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Yet Another “headscratcher” Decision Is Issued by The U. S. Department of Labor (USDOL) in Its Federal Employees’ Compensation Act (FECA) Program.

Daniel M. Goodkin March 1, 2016

You may recall one of our earlier newsletters in which I discussed a strange decision by USDOL/OWCP that revealed its misapplication of an American Medical Association publication (a newsletter article) to FECA claims, resulting in smaller benefits being paid to injured workers.  As stated in our newsletter, we filed a request for reconsideration to challenge OWCP's mistake.

In an even stranger twist, OWCP has now "doubled down" on its mistake, forcing the matter to the appellate level at the Employees' Compensation Appeals Board (ECAB).  In an OWCP decision dated 03/15/2016, the previously-awarded 3% permanent impairment rating for the worker's permanent partial loss of use of each leg, initially issued on 03/25/2015, was simply reissued with a new date, and with these comments:

"[OWCP's Second Opinion doctor's] response [to OWCP's non-examining District Medical Advisor - DMA] indicated a disagreement with the DMA on the basis of the use of the July/August 2009 [AMA Guides] Newsletter as the guide for you [sic] impairment rating. This disagreement was found to be irrelevant because the Federal Employees' Compensation Act (FECA) Procedure Manual (PM) directs the use of this newsletter as the guideline for impairment calculations of your specific type for schedule award payments in the Office of Workers' Compensation Programs [emphasis added]."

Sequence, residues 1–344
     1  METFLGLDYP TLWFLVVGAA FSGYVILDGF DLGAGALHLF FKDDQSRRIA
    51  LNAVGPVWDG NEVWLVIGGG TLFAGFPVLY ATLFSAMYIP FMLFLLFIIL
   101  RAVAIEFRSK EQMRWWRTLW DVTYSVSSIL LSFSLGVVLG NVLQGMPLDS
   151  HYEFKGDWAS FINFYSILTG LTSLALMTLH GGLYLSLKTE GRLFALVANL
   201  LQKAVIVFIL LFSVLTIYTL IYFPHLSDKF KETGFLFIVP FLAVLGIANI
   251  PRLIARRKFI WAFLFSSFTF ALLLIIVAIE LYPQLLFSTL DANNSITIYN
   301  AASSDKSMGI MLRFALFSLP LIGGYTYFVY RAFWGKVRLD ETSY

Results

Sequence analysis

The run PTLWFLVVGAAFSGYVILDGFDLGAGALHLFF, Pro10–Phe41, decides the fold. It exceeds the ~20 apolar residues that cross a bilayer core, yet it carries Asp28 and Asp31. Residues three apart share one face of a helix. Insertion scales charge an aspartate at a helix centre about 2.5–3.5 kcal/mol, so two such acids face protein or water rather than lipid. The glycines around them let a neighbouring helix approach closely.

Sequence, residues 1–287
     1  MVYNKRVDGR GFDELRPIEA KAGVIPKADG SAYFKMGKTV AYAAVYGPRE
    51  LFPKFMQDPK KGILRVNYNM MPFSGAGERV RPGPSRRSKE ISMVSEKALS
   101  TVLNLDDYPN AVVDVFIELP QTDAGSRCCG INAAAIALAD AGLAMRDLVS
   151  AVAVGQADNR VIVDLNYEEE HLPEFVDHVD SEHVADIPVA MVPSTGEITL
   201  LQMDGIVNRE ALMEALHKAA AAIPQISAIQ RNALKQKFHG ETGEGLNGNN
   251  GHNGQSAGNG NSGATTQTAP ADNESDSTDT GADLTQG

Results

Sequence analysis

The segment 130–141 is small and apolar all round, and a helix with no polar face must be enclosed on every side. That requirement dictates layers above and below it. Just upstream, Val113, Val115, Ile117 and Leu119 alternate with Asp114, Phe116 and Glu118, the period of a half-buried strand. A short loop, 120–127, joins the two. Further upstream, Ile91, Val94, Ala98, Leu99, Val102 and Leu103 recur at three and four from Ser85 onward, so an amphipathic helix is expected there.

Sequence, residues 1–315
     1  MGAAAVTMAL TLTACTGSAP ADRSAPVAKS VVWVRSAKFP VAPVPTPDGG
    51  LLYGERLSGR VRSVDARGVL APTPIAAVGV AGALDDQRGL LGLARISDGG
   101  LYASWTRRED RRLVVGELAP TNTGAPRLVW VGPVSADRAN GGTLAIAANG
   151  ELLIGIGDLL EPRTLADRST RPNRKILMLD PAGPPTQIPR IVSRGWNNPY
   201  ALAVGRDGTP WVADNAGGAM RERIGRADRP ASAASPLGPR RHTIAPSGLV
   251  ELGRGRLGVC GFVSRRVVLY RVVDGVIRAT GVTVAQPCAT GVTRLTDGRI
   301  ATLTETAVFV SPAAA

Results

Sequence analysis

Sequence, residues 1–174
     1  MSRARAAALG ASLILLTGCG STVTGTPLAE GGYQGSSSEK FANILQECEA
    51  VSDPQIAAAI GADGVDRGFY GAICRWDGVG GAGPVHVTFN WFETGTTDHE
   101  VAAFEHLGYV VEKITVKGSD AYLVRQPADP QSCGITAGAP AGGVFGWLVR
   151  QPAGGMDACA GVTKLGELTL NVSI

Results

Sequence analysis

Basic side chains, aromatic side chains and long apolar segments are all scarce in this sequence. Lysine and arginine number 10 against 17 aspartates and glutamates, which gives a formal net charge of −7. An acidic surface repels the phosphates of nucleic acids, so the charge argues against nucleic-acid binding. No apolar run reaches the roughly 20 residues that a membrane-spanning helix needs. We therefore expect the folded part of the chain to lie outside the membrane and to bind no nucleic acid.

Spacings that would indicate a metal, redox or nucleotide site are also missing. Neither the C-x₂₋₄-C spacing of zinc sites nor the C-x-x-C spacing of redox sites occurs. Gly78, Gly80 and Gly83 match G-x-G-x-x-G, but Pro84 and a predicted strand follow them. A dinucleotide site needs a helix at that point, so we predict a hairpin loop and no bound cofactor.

OWCP's Procedure Manual does not have the force of a law or a regulation, and cannot override those legal authorities.  Curiously, in an earlier paragraph of the same decision, OWCP states: "The implementing regulations have adopted the American Medical Association, Guides to the Evaluation of Permanent Impairment, as the appropriate standard for evaluating schedule losses.  Currently, schedule awards are calculated using the Sixth Edition of the AMA Guides."  That Edition does not include the newsletter's way of calculating impairments.

As already proven to OWCP, the AMA specifically does not accept the "proposal" contained in their newsletter as authoritative, so they never adopted it nor did they amend the Guides to include it.  For that reason, OWCP's own Second Opinion doctor rated the impairment in this case based on the AMA Guides themselves, not the newsletter. But since application of the calculation method contained in the newsletter will result in lower benefit payments, OWCP simply adopted it anyway for its own purposes - regardless of whether it is medically correct.

And so it goes when dealing with an agency whose decisions are not subject to judicial review.  We are preparing our ECAB appeal.

NOTE: Legislative proposals affecting FECA remain in the hopper in both houses of Congress, but no action has been taken on them.